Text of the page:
Frits Pil, Professor of Organizations and Entrepreneurship, was recently named one of the University of Pittsburgh’s first two Provost Fellows for Faculty. Faculty members who receive this one-year appointment work with senior leaders across the University to strengthen the Pitt faculty community.
Pil will work closely with Laurie Kirsch—Vice Provost for Faculty Affairs, Development, and Diversity. In discussing the role, Pil says, “Provost Ann Cudd’s initiatives resonate strongly with me, including her vision to foster a strong culture of diversity, to strengthen our teaching and research climate, and to bring research and data to bear on efforts to enhance the student learning experience. The Fellow role gives me a unique opportunity to understand how decisions are made and new pathways are fostered in the Provost’s office, and I am excited to help push forward issues that are important to me.
“I am looking forward to exploring how we can strengthen faculty development opportunities for all faculty,” says Pil. “This includes working with Vice Provost Kirsch to develop offerings for appointment stream and tenure stream faculty looking to grow in their roles as faculty members, and to design learning pathways for those colleagues who wish to advance in leadership roles.” Pil also looks forward to engaging deeply in diversity efforts. “I want to contribute to efforts that foster a faculty environment that welcomes and embraces all facets of diversity, and that draws on the strengths that diversity gives us,” he says.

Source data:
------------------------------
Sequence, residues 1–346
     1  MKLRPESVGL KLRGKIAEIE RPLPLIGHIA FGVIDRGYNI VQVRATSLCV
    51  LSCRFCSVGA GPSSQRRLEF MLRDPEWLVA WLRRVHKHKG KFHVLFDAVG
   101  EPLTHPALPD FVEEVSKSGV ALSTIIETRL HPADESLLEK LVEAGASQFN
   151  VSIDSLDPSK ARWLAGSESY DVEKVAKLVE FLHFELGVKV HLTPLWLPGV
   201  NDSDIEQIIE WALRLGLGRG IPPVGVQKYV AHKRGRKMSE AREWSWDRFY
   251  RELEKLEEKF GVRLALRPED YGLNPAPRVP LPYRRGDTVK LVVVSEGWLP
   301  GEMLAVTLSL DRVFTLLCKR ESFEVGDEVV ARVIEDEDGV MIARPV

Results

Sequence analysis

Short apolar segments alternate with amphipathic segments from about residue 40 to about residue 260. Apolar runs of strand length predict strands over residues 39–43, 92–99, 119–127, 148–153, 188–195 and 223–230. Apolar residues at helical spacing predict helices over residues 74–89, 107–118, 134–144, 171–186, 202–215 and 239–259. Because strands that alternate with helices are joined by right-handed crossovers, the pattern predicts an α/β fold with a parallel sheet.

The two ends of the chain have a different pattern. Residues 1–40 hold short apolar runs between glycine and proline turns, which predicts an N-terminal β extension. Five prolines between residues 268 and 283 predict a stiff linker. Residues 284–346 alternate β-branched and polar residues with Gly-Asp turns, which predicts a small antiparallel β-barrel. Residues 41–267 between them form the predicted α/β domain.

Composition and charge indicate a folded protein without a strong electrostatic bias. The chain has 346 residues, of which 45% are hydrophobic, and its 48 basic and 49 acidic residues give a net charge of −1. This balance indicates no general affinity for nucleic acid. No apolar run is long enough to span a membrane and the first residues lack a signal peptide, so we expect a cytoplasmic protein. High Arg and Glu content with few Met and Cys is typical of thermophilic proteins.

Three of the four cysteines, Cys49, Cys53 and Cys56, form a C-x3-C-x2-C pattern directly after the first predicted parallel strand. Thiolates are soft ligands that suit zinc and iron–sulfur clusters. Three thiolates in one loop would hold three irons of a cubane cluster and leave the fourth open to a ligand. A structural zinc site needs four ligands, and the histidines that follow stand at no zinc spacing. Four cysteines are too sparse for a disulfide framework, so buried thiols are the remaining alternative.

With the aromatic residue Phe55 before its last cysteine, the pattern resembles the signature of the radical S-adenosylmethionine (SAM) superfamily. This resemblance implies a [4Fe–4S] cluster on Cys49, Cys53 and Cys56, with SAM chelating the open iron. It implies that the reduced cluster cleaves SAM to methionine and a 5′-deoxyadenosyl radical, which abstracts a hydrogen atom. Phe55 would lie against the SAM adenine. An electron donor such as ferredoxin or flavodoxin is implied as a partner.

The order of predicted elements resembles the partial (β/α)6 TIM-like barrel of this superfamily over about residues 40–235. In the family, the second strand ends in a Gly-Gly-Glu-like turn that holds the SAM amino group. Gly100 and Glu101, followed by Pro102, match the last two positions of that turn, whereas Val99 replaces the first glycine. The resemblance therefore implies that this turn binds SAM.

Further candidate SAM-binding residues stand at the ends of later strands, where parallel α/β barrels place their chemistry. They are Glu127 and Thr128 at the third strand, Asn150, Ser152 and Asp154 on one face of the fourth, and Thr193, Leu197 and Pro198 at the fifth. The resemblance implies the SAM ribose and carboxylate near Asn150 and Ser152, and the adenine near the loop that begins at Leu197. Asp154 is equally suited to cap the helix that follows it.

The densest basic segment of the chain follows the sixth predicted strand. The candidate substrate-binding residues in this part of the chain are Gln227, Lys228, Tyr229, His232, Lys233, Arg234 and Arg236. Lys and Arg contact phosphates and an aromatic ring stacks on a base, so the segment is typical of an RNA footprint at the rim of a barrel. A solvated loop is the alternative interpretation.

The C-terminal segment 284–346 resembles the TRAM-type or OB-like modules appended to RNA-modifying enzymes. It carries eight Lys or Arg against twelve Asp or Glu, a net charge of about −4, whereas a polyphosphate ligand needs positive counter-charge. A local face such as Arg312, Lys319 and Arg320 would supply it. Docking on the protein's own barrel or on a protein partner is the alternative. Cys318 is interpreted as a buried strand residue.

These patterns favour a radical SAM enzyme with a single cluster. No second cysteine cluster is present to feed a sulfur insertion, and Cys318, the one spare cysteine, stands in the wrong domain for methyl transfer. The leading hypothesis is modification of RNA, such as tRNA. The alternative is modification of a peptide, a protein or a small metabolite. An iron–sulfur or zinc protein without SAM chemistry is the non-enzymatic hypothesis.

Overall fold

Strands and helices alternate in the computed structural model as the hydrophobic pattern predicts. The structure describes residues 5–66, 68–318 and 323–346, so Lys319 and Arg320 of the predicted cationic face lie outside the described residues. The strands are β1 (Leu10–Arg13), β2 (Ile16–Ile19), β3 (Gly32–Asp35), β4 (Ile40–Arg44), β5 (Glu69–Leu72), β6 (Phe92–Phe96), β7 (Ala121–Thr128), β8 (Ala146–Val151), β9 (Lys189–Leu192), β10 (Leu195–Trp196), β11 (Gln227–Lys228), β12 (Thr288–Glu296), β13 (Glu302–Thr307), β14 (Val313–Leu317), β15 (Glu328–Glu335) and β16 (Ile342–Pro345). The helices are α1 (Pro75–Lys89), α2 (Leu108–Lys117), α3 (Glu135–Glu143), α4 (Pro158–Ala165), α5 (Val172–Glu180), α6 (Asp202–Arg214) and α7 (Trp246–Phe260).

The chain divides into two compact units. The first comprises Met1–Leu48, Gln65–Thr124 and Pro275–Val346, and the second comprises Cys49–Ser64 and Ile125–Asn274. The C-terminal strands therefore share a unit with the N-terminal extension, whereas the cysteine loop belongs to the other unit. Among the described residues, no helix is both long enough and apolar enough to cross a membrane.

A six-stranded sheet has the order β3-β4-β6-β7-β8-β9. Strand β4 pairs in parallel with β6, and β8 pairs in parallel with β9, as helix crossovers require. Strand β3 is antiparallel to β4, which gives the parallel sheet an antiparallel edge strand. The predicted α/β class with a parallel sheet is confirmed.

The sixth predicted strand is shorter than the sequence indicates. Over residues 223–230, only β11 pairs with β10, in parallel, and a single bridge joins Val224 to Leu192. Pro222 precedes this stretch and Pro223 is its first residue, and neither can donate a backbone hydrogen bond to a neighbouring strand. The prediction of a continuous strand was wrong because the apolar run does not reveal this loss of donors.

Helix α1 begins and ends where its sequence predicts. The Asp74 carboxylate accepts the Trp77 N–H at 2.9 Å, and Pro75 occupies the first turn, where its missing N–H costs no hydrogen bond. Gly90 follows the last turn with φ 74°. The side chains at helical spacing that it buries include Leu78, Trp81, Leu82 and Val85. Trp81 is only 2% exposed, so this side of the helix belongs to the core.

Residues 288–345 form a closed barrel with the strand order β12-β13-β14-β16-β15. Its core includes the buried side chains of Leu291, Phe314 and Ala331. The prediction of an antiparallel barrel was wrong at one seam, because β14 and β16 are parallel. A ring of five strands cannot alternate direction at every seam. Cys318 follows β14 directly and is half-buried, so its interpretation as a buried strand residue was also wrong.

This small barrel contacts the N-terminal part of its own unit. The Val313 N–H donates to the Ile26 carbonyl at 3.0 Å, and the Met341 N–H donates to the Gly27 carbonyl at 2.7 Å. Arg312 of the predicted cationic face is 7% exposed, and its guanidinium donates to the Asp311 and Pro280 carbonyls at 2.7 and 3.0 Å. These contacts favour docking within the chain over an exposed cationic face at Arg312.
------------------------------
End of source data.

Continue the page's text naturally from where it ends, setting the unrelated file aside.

Pil’s new role as Provost Fellow complements his prior appointment as the director of instructional innovation and faculty development for the Joseph M. Katz Graduate School of Business and College of Business Administration (CBA). His work to date has included technology; student mental health; deploying a teaching portfolio approach for all faculty promotion, tenure, and retention evaluations; and establishing a standardized teaching observation protocol.
At Pitt Business, Pil also has launched a mentorship program to enhance the teaching efficacy of tenure to faculty in their first three years in the tenure stream. “Frits and I share the view that faculty mentorship is a critical component to faculty learning and development,” says Arjang A. Assad, Henry E. Haller Jr. Dean of Katz and CBA. “We purposefully connect faculty from different disciplines, and across tenure and appointment stream status. The University allows us to harness the varied ideas and perspectives that enrich our campus to further our individual strengths and contributions.“